3.

People will generally pay what something is worth. There was an interesting talk by Katie Vanneck Smith and Dominic Young about different approaches to selling content on the web. Traditional subscription models essentially mean you are paying for a whole pie when you might only want a slice. Micropayments allow you to pay for the slice while a more traditional membership approach brings the added benefit of bringing you into a like-minded community

4.

What you see depends on who you are – even if you are looking at the same thing. I was surprised to learn that Netflix will show you a different image to promote a programme or film depending on your profile. If you took the movie Titanic for example; if your profile suggests you like action adventure you might see an image of the ship sinking but if romance is more your thing then its Jack and Rose all the way. This might not surprise some people but to me, it was a reminder of just how clever and sophisticated these platforms have become

5.

Completeness is often the key to discoverability. It is very tempting when you are completing the profile forms to set up on a platform just to focus on the compulsory stuff and ignore the optional. This is a mistake apparently. The more a platform knows about you the greater the value you hold. Also, platforms value different pieces of information differently so you need to maximise your chances of giving it the bit of information that it cares about.

Zoe MerchantTaking time for inspiration…
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3 ways that Marketing Automation can help your B2B marketing activity

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Companies are always looking for ways to make their job easier, work more efficiently and make their marketing campaigns more effective; that’s why 55% of B2B companies around the world have adopted marketing automation.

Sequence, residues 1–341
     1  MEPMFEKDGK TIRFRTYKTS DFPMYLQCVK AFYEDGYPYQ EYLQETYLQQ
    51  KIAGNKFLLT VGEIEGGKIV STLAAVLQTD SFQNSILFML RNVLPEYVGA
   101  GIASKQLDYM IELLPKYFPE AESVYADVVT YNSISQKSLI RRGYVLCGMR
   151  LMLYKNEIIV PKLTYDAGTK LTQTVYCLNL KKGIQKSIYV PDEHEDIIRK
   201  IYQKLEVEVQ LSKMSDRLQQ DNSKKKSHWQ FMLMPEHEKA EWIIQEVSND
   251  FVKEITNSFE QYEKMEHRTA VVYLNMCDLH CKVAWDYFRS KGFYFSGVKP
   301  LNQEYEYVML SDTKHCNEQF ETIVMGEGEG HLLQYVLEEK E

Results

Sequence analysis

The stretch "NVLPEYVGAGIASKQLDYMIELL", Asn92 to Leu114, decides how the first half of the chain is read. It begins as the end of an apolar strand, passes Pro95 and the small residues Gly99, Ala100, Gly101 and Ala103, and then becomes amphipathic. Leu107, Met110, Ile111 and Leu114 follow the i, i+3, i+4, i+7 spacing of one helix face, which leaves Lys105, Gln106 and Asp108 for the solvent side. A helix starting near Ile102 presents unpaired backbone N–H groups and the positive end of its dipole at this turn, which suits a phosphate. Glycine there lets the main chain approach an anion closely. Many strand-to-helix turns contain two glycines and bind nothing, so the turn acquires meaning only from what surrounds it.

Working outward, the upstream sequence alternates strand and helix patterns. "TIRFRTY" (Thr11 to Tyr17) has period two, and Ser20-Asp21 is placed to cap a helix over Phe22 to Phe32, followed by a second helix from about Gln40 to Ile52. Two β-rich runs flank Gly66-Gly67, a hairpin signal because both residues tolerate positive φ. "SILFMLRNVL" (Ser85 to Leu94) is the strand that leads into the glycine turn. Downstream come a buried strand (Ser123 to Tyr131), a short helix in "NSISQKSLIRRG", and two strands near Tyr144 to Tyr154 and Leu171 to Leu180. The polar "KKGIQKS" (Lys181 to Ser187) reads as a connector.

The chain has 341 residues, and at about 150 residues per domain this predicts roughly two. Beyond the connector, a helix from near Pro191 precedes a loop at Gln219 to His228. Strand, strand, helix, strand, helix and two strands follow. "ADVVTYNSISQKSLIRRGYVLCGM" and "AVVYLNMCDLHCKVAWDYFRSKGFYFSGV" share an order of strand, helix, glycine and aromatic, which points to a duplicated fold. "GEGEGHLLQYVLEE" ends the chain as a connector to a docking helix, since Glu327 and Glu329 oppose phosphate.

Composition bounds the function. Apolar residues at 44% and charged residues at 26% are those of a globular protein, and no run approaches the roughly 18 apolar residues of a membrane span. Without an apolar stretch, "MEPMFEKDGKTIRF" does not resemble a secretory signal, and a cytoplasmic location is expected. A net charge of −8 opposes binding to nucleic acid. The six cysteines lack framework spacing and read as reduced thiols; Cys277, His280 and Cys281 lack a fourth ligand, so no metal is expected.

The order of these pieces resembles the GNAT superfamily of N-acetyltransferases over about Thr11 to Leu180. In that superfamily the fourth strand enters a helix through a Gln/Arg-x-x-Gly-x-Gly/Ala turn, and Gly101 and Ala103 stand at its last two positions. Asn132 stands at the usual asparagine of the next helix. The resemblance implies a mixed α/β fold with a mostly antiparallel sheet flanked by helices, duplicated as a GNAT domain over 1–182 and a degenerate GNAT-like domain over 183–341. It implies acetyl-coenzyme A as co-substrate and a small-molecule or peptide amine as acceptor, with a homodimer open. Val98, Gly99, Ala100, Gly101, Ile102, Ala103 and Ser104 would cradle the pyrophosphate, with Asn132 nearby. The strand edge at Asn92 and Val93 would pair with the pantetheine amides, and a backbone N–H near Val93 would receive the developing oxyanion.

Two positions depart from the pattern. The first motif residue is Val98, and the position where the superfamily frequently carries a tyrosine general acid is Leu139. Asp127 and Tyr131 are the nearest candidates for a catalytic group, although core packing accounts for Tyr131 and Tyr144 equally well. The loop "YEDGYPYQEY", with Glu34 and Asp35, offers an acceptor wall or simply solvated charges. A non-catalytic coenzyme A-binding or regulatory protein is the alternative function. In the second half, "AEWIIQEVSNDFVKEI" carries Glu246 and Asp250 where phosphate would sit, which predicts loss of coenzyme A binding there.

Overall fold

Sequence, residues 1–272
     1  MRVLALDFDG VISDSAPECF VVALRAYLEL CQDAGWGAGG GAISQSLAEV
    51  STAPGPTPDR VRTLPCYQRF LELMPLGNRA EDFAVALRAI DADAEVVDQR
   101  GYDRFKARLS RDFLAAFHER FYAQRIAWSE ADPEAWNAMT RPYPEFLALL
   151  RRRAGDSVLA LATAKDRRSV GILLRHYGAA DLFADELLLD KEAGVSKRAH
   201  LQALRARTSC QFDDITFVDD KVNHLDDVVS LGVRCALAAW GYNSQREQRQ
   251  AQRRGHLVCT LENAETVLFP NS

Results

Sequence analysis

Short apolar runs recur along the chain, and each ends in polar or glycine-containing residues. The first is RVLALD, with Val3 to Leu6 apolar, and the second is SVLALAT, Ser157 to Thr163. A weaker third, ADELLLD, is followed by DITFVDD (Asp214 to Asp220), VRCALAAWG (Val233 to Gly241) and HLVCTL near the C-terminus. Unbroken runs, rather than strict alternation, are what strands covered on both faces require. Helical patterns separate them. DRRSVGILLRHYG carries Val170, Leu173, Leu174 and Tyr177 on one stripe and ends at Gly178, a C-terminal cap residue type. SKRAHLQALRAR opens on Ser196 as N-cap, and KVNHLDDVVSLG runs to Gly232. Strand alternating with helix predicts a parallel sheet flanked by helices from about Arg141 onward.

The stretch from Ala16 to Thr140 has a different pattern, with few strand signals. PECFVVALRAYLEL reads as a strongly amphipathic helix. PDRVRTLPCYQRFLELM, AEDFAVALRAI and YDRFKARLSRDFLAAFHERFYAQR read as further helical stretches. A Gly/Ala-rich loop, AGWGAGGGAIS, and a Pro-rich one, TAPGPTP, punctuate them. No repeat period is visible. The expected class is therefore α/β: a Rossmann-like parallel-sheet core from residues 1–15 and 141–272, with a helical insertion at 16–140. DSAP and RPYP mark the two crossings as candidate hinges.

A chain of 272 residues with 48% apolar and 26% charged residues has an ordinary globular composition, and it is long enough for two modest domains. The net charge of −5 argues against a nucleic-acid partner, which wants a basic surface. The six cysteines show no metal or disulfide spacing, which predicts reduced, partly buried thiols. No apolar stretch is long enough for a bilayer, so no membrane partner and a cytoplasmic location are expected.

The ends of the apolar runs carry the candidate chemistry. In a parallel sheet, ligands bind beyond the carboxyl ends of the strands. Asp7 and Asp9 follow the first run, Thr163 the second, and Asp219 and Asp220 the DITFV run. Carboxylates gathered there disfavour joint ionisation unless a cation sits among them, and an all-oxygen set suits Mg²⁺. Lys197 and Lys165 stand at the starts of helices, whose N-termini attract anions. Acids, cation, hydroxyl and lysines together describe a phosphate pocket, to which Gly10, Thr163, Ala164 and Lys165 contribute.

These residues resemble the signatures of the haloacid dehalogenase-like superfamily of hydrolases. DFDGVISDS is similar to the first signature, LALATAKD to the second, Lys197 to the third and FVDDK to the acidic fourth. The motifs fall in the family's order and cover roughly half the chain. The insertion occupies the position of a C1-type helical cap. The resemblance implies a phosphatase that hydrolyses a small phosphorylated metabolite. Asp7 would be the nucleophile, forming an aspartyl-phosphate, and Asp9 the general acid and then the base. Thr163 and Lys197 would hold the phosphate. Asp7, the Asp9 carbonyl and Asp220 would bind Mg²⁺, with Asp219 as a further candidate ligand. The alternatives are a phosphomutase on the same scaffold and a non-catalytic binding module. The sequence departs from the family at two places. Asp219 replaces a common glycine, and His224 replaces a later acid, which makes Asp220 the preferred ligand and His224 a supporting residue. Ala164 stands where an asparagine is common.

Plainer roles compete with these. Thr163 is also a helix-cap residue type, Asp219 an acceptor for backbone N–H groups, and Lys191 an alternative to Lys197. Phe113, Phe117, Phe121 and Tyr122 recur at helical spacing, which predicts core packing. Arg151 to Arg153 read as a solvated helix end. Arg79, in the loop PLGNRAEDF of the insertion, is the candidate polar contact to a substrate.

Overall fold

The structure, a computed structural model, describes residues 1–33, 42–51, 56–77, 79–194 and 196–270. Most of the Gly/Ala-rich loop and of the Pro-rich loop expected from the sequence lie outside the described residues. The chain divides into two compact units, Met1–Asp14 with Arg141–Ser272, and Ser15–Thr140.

By definition, the term ‘marketing automation’ refers to a set of tools designed to streamline and simplify some of the most time-consuming responsibilities of the modern marketing and sales roles. All of the day-to-day tasks that marketers have to action as soon as someone enters your sales cycle can be automated, freeing you up for valueadd work. 

Here are three ways you can use marketing automation to improve your B2B marketing activity:

Lead Scoring

The first goal of a company is to get a prospect or sales lead into their pipeline, but once marketing starts to pick up and the number of leads increase, it becomes more important for companies to focus on the prospects that are the most interested and most likely to buy – this is when lead scoring is needed. Lead scoring is a methodology used to rank prospects against a scale that represents the perceived value each lead represents to the organisation.  

You can set up your CRM or automation software to detect form submissions, click-throughs or page views to rate/score your lead. This will help your marketing team determine how valuable they are and what their specific interests are, in order to drive them through your sales funnel.  

However, just because someone downloads a report or spends a lengthy amount of time on your landing page, it doesn’t mean they are automatically the right target for your business. Lead scoring will gather the information about the prospect that is given to them and will rate the contact based on a number of factors. For example, for a B2B company, a persons’ job title, company size or revenue could be the information that is most valuable to your business. Using this rating, your Sales team can then follow up, knowing a bit more information about the contact. 

Lead scoring is an ideal way to enhance the productivity of your Sales team, improve sales & marketing alignment and higher conversions of qualified leads to opportunities.  

Social media

Having an automated social media strategy is a must if you’re looking to gain hot leads. This new marketing activity is the most productive use of your time as you let it work its’ magic and do the job of an Executive. Sending messages to prospects on LinkedIn can seem like such a long-winded and monotonous task. By automating your LinkedIn outreach, you can search for your ideal customers, select the level of engagement you want to initiate and let your software bring in leads. This software works in three ways – invites, auto-replies and mass messages. 

You can also send automated direct messages to people once they follow you on Twitter – this is a tactic that is used a lot more frequently nowadays so beware of blending into the crowd of other companies doing the same. Send a message that is more personalised by using the followers first name for example – this will engage the follower and keep them interested in the content you are publishing.